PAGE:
Military members stand guard with an armored truck

Military members stand guard with an armored truck outside the government palace at Plaza Murillo on June 26, 2024 in La Paz, Bolivia.

(Photo: Gaston Brito Miserocchi/Getty Images)

'Democracy Must Be Respected': Bolivian Leader Replaces Military Chiefs Over Coup Attempt

Leftists and political leaders around the world slammed the coup effort as Bolivia's trade union federation called for an emergency mass mobilization and a general strike.

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Bolivian President Luis Arce replaced top military leaders on Wednesday in response to an attempted coup d'état in which troops took over Plaza Murillo in La Paz and rammed an armored vehicle into the doors of the presidential palace so soldiers could storm the building.

"We denounce irregular mobilizations of some units of the Bolivian army," Arce, a member of the Movement for Socialism (MAS) party, said on social media. "Democracy must be respected."

As The Associated Pressreported:

In a video of Arce surrounded by ministers in the palace, he said: "The country is facing an attempted coup d'état. Here we are, firm in Casa Grande, to confront any coup attempt. We need the Bolivian people to organize."

Arce confronted the general commander of the army—Juan José Zúñiga, who appeared to be leading the rebellion—in the palace hallway, as shown on video on Bolivian television. "I am your captain, and I order you to withdraw your soldiers, and I will not allow this insubordination," Arce said.

Zúñiga told local media that "the three chiefs of the armed forces have come to express our dismay. There will be a new Cabinet of ministers, surely things will change, but our country cannot continue like this any longer."

Sharing his demands, Zúñiga said, "Stop destroying, stop impoverishing our country, stop humiliating our army."

The general claimed that the air force, army, and navy were "mobilized" and "the police force is also with us."

Meanwhile, "Arce swore in three new leaders of the armed forces," according toBuenos Aires Herald managing editor Amy Booth. "At the ceremony, army Commander in Chief Wilson Sánchez ordered the forces back to their barracks and at the moment they seem to be listening."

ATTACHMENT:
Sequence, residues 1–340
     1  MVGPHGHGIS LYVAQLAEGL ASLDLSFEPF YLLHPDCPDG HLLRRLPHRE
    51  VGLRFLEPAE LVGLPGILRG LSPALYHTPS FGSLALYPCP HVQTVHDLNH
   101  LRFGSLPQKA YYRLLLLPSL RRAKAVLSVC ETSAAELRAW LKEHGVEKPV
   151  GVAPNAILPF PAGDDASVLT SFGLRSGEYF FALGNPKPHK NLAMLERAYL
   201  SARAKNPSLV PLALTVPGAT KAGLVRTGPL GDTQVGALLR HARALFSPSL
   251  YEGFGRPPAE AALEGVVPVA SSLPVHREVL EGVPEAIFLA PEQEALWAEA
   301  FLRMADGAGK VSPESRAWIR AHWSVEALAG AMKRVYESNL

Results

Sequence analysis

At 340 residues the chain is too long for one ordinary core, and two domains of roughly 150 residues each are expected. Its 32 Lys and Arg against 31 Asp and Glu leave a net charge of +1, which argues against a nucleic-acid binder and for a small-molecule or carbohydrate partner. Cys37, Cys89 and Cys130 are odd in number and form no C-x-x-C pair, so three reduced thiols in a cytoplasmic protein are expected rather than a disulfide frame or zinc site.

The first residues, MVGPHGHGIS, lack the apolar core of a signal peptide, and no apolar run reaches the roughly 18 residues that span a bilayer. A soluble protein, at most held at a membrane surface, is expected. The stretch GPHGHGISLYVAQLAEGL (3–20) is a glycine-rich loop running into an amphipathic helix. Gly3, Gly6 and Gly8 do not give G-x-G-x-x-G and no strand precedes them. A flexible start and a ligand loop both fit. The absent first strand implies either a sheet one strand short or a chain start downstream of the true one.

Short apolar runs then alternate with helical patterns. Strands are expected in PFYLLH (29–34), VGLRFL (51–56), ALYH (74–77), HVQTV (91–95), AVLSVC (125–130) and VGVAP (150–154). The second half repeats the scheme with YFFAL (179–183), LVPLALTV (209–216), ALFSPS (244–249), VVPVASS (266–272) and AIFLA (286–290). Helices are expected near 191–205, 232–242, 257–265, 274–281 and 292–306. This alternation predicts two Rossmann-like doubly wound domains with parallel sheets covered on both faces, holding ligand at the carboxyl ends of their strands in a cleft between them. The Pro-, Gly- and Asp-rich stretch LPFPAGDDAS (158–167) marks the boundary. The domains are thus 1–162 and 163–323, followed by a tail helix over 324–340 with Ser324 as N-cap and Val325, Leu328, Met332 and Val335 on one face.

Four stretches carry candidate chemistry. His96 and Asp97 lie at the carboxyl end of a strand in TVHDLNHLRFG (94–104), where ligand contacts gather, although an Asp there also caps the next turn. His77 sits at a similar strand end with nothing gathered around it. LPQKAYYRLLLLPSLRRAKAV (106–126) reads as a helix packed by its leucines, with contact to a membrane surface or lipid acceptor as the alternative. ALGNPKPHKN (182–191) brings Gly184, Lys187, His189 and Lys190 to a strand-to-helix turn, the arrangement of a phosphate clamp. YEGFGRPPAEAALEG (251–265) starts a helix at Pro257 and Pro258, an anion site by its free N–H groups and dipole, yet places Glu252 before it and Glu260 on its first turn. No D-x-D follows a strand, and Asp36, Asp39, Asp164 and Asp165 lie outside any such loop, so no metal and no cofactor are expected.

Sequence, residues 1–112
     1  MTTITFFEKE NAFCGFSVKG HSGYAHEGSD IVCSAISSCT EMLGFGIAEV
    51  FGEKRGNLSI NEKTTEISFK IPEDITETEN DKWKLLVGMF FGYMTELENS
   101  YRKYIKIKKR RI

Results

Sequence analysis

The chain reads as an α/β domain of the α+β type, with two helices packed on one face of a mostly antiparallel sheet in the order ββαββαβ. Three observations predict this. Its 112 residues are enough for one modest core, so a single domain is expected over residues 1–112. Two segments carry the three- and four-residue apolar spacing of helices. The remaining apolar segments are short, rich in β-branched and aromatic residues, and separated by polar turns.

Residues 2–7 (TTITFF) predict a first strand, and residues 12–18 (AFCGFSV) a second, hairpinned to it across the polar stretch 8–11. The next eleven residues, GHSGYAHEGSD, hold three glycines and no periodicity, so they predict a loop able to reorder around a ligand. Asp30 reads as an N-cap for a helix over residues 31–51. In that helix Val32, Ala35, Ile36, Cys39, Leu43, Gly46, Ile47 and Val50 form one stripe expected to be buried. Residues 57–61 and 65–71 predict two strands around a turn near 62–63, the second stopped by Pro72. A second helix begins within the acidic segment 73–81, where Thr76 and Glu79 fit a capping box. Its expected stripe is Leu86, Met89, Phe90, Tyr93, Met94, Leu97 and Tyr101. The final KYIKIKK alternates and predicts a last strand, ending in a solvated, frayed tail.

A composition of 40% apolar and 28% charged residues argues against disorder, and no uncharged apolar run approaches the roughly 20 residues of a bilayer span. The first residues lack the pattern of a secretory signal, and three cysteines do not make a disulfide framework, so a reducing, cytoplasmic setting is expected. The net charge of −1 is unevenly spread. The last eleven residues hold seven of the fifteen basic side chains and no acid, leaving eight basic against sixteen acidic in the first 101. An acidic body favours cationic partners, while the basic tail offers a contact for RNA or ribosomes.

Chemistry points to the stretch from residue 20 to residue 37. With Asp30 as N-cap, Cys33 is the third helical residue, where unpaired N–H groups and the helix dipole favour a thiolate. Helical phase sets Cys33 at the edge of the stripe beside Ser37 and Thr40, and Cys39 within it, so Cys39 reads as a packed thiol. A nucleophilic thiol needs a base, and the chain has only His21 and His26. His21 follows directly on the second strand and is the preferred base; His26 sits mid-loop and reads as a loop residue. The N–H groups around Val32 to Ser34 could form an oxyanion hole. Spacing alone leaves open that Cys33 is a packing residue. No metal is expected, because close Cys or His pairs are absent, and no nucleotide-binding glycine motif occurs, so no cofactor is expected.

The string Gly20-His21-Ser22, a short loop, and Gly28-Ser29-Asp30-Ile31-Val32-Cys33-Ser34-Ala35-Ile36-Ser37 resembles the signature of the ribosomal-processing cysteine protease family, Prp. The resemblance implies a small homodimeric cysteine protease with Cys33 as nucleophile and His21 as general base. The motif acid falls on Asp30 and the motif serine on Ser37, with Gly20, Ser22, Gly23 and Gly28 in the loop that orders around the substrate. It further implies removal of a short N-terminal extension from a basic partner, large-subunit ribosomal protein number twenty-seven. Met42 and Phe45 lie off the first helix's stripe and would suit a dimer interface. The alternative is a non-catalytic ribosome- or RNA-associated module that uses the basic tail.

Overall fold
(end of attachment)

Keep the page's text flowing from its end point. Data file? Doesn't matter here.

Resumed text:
Despite the rift between former Bolivian President Evo Morales, who remains head of MAS, and Arce, who was his finance minister, Bolivia's ex-leader also spoke out against the military action on Wednesday, declaring that "the coup d'état is brewing."

"At this time, personnel from the armed forces and tanks are deployed in Plaza Murillo," Morales said. "They called an emergency meeting at the army general staff in Miraflores at 3:00 pm in combat uniforms. Call on the social movements of the countryside and the city to defend democracy."

After the change in military leaders, Morales—who has denounced his own 2019 ouster as a coup—demanded that "a criminal process" targeting "Zúñiga and his accomplices" begin immediately.

Wednesday evening, Bolivia's attorney general ordered "all legal actions that correspond to the initiation of the criminal investigation against Gen. Juan José Zúñiga and all other participants in the events that occurred," according toKawsachun News.

The Bolivian Workers' Center (COB), the South American country's trade union federation, had "called for an emergency mass mobilization and a general strike in response to the ongoing coup attempt," Progressive International highlighted on social media.

Progressive International also urged "international attention to these grave violations of Bolivian democracy."

Condemnation of the coup attempt and expressions of solidarity with those opposing it were shared around the world.

"We condemn the attempted coup in Bolivia and send our solidarity to President Luis Arce and his democratically elected government," declared the Peace & Justice Project, founded by Jeremy Corbyn, a member of the U.K. Parliament who used to lead the Labour Party.

European Commission President Ursula von der Leyen said that "I firmly condemn the attempts to overthrow the democratically elected government of Bolivia. The European Union stands by democracies. We express our strong support for the constitutional order and rule of law in Bolivia."

U.S. Congresswoman Ilhan Omar (D-Minn.) emphasized that she is "standing in solidarity with the Bolivian people as they fight to preserve their democracy," and "the coup attempt must be unequivocally condemned."

The Democratic Socialists of America's International Committee wrote on social media that "we extend our solidarity to the Bolivian people during this imminent emergency."

Morales said later Wednesday that "we appreciate all the expressions of solidarity and support for Bolivian democracy expressed by presidents, political and social leaders of the world. We are convinced that democracy is the only way to resolve any difference and that institutions and the rule of law must be respected. We reiterate the call for all those involved in this riot to be arrested and tried."

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